The history of salt is much longer than the history of mankind.
The first reference to salt in literature appears in the Old Testament. In the Bible, salt was considered to be extremely valuable and was brought to the gods as an offering. Since ancient times, salt acted as a means of payment.
The Romans discovered preserving properties of salt. They used it to extend the freshness of food stocks which contributed to success of colonization. Soldiers were also paid with salt.
In Ethiopia and Tibet coins were minted from salt.
In medieval Europe, the role of salt was strongly appreciated. Salt marked trade routes. So-called "salt roads" (routes designed mainly for salt transport) were created.
In time, a tax on salt extraction was introduced, because the ore was brought out quite easily and people could get rich relatively fast, especially after the French Revolution, when this tax was abolished and many salt-producers made great fortunes in this business.
First attempts to obtain salt from sea water date back to the fifteenth century. The process was carried out in so-called salt bays, where people extracted pure salt.
In the fourteenth century the term "white gold" was commonly used which perfectly reflects the role of salt in everyday life of people in the past.
Experts in the history of France believe that salt issue became a major cause of the outbreak of the French Revolution. Tax, called la gabella, was in force until. .. 1945. What seems to be interesting is that independent salt production in France is banned and cannot be carried out without special permission issued by the Ministry of Finance. For this reason, we cannot import even one liter of sea water from France.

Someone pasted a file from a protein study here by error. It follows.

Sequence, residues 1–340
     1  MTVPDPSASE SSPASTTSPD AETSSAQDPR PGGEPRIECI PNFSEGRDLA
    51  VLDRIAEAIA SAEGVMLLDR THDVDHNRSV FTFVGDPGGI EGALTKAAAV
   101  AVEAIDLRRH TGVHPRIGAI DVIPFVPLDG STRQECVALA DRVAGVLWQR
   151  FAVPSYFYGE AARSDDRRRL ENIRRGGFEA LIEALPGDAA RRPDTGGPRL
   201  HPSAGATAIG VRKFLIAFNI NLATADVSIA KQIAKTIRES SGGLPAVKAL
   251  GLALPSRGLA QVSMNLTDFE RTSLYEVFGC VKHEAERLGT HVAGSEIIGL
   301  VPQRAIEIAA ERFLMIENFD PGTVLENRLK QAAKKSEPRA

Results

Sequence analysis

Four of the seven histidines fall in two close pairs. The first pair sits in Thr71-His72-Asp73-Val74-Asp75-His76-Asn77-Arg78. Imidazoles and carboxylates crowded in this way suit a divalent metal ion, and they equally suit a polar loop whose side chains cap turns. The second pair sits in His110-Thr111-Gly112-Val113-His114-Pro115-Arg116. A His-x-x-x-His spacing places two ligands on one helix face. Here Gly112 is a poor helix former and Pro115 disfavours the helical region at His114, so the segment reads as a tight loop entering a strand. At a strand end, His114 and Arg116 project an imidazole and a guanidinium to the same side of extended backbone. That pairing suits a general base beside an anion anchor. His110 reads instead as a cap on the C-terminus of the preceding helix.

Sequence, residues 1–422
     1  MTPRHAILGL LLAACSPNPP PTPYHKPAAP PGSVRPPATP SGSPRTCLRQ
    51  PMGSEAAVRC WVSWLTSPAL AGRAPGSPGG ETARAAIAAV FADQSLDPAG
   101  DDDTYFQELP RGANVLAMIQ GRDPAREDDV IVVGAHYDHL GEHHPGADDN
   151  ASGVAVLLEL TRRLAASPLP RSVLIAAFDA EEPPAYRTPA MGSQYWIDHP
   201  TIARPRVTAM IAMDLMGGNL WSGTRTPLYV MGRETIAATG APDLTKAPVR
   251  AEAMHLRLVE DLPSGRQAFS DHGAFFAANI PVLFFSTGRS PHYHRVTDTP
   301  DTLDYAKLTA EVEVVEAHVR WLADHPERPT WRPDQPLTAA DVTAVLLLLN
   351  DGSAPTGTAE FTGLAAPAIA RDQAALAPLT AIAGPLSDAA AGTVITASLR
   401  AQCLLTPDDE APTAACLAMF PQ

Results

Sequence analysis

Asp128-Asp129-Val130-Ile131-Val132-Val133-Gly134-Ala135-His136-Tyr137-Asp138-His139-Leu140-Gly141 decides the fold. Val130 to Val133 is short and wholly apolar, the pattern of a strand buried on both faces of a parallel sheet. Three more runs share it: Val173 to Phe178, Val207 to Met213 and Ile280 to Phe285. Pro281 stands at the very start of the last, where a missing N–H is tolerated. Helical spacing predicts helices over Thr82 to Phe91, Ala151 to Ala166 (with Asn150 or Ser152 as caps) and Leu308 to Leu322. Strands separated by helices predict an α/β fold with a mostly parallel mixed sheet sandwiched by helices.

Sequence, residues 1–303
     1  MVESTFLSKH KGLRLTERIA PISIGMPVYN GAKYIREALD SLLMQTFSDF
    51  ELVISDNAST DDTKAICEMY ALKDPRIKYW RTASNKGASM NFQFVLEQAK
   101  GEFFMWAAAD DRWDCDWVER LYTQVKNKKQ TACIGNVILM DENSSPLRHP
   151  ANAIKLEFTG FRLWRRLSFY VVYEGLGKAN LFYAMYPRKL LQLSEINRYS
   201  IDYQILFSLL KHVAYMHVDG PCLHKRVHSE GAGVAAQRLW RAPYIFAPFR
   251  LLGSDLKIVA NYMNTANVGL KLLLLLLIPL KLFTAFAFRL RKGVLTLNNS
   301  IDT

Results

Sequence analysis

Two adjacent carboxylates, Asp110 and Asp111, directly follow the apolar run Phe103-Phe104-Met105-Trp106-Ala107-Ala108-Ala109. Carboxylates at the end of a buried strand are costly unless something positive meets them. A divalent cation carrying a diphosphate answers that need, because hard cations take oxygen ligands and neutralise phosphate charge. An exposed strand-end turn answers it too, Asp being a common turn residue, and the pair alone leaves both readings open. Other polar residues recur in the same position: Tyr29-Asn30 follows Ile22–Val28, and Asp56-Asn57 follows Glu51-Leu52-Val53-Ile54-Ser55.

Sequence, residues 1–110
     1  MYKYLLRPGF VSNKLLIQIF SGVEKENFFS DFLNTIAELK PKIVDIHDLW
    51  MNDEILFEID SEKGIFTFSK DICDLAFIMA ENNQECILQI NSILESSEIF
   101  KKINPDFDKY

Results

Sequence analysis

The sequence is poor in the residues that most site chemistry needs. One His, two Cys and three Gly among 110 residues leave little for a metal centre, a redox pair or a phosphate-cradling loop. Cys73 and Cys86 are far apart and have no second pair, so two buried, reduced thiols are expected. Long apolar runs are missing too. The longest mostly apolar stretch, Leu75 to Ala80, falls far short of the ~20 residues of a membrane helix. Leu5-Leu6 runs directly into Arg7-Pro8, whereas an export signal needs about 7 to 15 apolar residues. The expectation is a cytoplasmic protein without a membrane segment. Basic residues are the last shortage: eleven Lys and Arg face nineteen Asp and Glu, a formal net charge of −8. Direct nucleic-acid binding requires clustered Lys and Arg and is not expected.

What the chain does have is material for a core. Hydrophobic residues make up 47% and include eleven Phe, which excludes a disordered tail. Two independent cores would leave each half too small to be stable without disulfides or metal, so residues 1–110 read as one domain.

Salt tax, however, was not invented by the French. It was introduced much earlier by the Arabs, the ancient Chinese and Indians. By the nineteenth century salt was regarded as a seasoning and preservative. Nowadays there are over 14 thousand products based on salt.
Since salt was regarded as sacred and given by the gods, it was associated with a lot of symbols and beliefs. Scattered salt means the end of brotherhood and divine protection – in order to prevent such situation you have to throw back a pinch of salt over your left shoulder three times.
For the ancient Romans scattered salt was a very bad sign and they often strewed it over the ground in the conquered cities to destroy crops.
In Poland, it is believed that scattered salt is a harbinger of an argument, while welcoming newcomers with bread and salt is a sign of friendship and hospitality.